Our potential adversaries have redefined our western thoughts of what warfare is. It is moving to a broader definition rather than the narrow ‘troops on the ground’ scenario that we know and understand, and what gives us advantage over our adversaries. We need to move out of our comfort zone of what warfare is, as our potential adversaries have no such barriers. Grey zone approaches are underpinned by the idea of ‘winning without fighting’. David Kilcullen argues that the West should consider that warfare be redefined to cover the hybrid landscape, such as the grey zone activities we are facing.
Some recent examples of grey zone activities directed at Australia and other democratic nations include:
- Hostile diplomacy.
- Trade coercion and sanctions on selected goods to harm economies.
- Forced technology transfers.
- Debt dependency.
- Interference in the political realm.
- Bribery of key people in government and industry.
- Lobbying of key people in industry and other areas, who then lobby government.
- Media manipulation, disinformation, deliberately crafted lies (fake news and videos).
- Encouraging media self-censorship.
- Discouraging discourse and discussion on local and international issues and events.
- Subversion of democratic institutions and social cohesion.
- Undermining the established rules based order.
- Foreign intelligence activity, espionage and foreign interference.
- Incursions across sovereign borders.
- Industrial espionage, such as stealing intellectual property.
- Cyber intrusions into government and industry computer networks.
- Cyber theft and advantage, such as large scale data breaches.
- Hacking infrastructure to target computers containing sensitive and classified information.
All of these activities seemly have nothing to do with the warfighting that we train for, yet they undermine democratic nations, governments, and institutions. Grey zone proponents manipulate the narrative to promote their preferred one. These activities also seek to send unmistakable signals to other countries to cooperate and watch what they say or do in relation to the adversary.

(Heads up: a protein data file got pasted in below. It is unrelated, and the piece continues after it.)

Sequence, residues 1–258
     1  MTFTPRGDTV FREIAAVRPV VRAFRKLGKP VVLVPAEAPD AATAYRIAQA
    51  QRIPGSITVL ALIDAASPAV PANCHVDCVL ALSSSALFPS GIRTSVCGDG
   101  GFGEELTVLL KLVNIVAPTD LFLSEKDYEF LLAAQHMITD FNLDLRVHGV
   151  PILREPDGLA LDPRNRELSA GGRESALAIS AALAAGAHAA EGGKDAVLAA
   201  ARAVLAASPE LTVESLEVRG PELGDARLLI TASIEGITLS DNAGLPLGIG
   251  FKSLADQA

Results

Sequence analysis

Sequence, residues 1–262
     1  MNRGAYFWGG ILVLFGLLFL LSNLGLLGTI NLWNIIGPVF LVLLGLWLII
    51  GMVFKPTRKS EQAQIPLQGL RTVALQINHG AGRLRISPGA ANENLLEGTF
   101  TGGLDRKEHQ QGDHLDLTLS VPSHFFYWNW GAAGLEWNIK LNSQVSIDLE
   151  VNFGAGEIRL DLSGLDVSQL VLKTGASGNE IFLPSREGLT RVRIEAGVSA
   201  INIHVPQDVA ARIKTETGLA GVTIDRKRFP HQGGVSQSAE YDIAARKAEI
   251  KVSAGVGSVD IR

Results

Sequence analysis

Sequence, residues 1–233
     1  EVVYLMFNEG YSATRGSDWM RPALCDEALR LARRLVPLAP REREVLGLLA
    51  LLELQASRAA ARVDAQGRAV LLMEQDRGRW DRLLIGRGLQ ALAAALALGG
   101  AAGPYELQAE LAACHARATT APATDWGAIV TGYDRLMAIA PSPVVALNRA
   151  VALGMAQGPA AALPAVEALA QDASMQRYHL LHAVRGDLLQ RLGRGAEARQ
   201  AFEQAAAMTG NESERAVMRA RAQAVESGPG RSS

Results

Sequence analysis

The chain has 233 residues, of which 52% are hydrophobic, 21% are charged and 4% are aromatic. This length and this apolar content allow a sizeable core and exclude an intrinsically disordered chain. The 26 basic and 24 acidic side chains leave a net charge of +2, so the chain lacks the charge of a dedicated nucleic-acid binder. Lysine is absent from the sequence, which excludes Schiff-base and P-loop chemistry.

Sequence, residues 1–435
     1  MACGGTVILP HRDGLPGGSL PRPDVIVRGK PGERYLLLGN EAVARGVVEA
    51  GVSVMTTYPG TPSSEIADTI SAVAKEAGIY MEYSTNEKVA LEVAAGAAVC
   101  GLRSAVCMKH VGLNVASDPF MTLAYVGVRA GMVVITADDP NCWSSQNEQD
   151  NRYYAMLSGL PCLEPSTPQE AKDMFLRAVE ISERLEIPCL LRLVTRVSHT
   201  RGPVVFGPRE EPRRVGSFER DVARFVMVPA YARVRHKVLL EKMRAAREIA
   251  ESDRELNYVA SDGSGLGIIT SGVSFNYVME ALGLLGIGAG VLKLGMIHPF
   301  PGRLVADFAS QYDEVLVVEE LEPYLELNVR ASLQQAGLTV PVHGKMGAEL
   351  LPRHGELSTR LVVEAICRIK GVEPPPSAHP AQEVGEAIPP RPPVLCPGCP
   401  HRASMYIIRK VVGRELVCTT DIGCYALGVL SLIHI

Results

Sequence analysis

Grey zone activities can undermine democracy, values, belief systems, and laws – often without the knowledge that it is occurring. If grey zone activities erode democratic institutions, governments, and the media over a sustained period of time, a nation may not have the will to counter an adversary or use its military in a conflict.
In a speech to the Australian Strategic Policy Institute in 2019, the CDF, General Angus Campbell, stated that western democracies such as Australia, are ‘exposed’ to grey zone political warfare tactics. He continued by explaining that we are “In a world that’s becoming more connected, these activities range from information campaigns, cyber operations and theft of intellectual property, to coercion and propaganda. Grey-zone operations that subvert, erode and undermine, break international rules and norms, but ones that, in the eyes of the targeted state, fall short of requiring a war response, at which authoritarian countries excel.” He also stated that democracies, which champion openness and transparency, are poor at the "dark arts" of political warfare, which constitutes a form of masked aggression.